Shoppers Moving Away From Traditional Point-Of-Sales Practices

The retail sector is an important market for the promotional products industry. PPAI’s 2017 Sales Volume Study found that retail is the 12th largest buying segment accounting for 3.3 percent of the industry’s $23.3 billion in annual sales. The Zebra Technologies’ Global Shopper Study provides some strategic foresight on the evolving sector, however, as it reveals a move away from traditional point-of-sales practices and towards self-checkout and mobile technology in the retail space.

Zebra Technologies’ study collected the attitudes, opinions and expectations of more than 6,000 shoppers, retail associates and decision-makers in North America, Latin America, Asia-Pacific, Europe and the Middle East. It found that most surveyed retail decision makers—83 percent—and store associates—74 percent—concur that shoppers can have a better experience with technology-equipped sales associates.

Nearly 80 percent of retail decision-makers surveyed agree that staff checkout areas are becoming less necessary due to new technologies that can automate checkout, and 52 percent are converting point-of-sale (POS) space to self-checkout, and 62 percent are transforming it for online order pickup. While only 49 percent of store associates agree that staff checkout areas are becoming less necessary, 66 percent of them feel that if they were equipped with tablets, they could provide better customer service and improve the shopping experience.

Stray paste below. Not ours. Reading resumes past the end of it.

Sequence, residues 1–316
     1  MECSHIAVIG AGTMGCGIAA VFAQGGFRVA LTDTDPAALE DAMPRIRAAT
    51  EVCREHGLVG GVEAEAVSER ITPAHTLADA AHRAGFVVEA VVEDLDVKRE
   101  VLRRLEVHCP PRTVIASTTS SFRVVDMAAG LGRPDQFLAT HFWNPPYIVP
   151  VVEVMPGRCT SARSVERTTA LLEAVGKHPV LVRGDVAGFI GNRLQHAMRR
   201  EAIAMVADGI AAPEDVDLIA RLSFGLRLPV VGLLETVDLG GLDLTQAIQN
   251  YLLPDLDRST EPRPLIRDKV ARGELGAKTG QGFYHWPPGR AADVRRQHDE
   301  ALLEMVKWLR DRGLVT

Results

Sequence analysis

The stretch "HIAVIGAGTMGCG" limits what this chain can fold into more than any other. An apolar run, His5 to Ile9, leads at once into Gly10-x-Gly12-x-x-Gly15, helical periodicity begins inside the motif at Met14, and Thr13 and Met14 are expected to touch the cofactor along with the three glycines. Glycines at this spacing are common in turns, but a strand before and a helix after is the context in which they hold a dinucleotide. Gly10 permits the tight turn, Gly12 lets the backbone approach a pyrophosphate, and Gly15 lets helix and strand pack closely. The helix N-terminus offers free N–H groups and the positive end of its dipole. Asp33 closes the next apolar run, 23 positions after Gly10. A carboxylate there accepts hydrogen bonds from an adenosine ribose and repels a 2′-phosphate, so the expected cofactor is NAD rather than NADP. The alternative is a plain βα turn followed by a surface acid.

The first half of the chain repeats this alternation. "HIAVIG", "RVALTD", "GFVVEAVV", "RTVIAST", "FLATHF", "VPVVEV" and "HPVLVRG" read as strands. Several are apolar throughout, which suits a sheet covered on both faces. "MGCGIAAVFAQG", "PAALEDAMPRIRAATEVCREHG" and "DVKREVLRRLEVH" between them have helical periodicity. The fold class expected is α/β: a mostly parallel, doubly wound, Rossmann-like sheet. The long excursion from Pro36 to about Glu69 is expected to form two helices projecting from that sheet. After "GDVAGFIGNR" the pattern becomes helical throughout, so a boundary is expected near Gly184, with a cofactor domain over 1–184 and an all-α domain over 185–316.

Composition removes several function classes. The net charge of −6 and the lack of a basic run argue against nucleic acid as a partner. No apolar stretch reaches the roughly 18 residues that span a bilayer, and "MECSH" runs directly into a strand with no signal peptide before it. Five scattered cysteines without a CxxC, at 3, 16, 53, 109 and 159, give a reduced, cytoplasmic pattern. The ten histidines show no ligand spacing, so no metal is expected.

Shoppers’ concerns over data privacy may be a stumbling block in this move towards a more digitized retail experience. Among shoppers polled in the survey, 13 percent completely trust retailers to protect their personal data—this drops to 11 percent in North America—the lowest level of trust among 10 different industries, including health care, financial institutions and technology companies.

More than one-half of shoppers—51 percent—believe they are better connected with their smartphones than store associates. To combat this, nearly 60 percent of retailers plan to increase their spending on handheld mobile computers by more than six percent, and 21 percent plan to spend more than 10 percent on rugged tablets over the next three years.

“Our study reveals shopper expectations are on the rise,” says Jeff Schmitz, senior vice president and chief marketing officer at Zebra Technologies. “While retailers are addressing fulfillment challenges, they also need to provide a more trusted, personalized shopping experience that gives customers what they want, when, where and how they want it.”


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